Football agents attract the ire of fans the way a rotten carcass attracts a swarm of flies.
They make journalists and ambulance chasing lawyers seem like Mother Theresa by comparison.
Here’s the bad news though: they are a vital part of how football functions. The game needs them. Agents come in all shapes and sizes and similarly their abilities vary enormously. Their function is simple, to get their client the best possible deal while making a handsome living themselves.
That isn’t a crime and in the shark-infested waters of football where some club chairmen have a set of teeth which a great white would envy, the role of an agent is crucial to protect and help players who are not always obvious candidates for The Apprentice.
I was reminded of this the other week when Stuart Armstrong’s representative took some stick from Celtic boss Brendan Rodgers over their dealings in contract negotiations for the former Dundee United player.
In the event, the new contract is now signed, but only after protracted deliberations.
That though is simply how these things often work. What an agent does and what he should be doing is extracting the maximum value for his clients from their employer. Just as you and I would expect our lawyer or accountant to get the best value for us in any house or business transaction.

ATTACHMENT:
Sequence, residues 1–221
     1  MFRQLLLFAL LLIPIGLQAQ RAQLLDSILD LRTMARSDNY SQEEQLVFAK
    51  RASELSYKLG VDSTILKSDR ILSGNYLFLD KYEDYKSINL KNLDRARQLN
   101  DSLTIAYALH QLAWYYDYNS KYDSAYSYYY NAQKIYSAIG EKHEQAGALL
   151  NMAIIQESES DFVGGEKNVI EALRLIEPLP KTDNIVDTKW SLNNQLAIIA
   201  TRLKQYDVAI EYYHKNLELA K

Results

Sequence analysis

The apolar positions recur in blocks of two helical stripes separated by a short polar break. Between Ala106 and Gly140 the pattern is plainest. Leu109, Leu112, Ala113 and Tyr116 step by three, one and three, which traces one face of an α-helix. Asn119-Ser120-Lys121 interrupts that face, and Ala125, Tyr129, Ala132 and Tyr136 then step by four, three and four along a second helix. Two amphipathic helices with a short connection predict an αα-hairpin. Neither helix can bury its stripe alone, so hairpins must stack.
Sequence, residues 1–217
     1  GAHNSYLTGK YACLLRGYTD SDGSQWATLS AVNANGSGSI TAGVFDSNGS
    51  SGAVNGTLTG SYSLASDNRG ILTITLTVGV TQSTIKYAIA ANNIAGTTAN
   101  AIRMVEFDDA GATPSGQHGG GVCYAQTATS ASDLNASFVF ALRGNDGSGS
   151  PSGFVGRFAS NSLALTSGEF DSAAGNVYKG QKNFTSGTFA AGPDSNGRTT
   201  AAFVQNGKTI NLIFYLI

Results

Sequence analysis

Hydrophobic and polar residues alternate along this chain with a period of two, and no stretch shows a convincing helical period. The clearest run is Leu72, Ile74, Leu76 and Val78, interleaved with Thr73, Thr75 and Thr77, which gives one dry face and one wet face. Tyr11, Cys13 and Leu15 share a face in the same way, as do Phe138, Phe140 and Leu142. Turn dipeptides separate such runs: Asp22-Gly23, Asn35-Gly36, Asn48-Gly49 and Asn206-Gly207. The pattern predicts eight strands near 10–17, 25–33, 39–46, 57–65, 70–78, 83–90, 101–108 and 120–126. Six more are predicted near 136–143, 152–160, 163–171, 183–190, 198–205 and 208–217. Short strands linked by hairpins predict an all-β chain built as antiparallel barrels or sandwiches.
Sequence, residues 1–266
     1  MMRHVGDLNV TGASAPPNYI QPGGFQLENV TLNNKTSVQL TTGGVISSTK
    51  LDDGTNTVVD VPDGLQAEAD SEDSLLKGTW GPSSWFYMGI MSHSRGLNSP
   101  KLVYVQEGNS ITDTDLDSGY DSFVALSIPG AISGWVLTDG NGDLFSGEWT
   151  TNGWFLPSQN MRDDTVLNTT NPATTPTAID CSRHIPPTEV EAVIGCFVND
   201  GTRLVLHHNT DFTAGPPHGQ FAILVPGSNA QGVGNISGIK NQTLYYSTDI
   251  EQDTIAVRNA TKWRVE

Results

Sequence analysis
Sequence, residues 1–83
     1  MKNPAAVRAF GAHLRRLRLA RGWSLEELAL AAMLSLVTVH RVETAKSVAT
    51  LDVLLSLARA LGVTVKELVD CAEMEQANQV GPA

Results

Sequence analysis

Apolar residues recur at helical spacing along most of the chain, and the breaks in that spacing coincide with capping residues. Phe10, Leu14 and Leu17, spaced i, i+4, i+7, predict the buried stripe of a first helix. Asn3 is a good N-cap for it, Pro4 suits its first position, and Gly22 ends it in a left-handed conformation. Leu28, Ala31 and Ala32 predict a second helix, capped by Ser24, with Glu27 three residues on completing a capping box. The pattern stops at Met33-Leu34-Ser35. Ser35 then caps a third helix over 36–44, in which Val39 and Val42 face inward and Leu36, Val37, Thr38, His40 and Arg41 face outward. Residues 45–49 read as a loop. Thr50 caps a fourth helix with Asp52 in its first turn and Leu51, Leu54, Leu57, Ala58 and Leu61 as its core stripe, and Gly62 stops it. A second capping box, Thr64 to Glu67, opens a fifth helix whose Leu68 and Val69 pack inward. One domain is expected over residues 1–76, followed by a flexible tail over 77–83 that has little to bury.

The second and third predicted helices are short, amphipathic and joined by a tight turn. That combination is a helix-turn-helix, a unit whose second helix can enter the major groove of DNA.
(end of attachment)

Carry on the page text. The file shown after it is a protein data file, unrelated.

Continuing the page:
The agent is not there to serve the interests of the club. He is there to represent the player and that will usually require some hard nosed, hard ball tactics. On the other side the club is pursuing its best interests when making an offer and the agent is duty bound to do the same for the player.
Somewhere in the middle of negotiations, compromise is reached on terms, or the deal falls. There is naturally a danger that both sides can overplay their hands, and some players sadly find that their agent has the negotiating skills of Del boy Trotter, ending up with the kind of dodgy deal which Trotter’s enterprises were famed for.
Citing the agent as being responsible for a deal stalling or falling is a handy tactic, but it is all part of the shadow boxing which accompanies high level bartering in football. It is a seller’s market and for many players the goods have a short expiry date, so they have to get the best deal possible.
Agents have a variety of uses. They bring players to clubs on trial, they help clubs to shift players who have outstayed their welcome, and the best ones have a contacts book which can be invaluable to hard pressed managers and chairmen, who cannot be expected to know every player who is, or might become available.
For their efforts, the agent can expect to be lambasted by fans and clubs alike, as a greedy, grasping, immoral, destructive force.
Sometimes those criticisms are justified, but the truth which clubs and boards don’t like to admit, and which the fans don’t see, is that agents, especially the good ones, perform a vital task in oiling the wheels of an industry, which wouldn’t turn without them.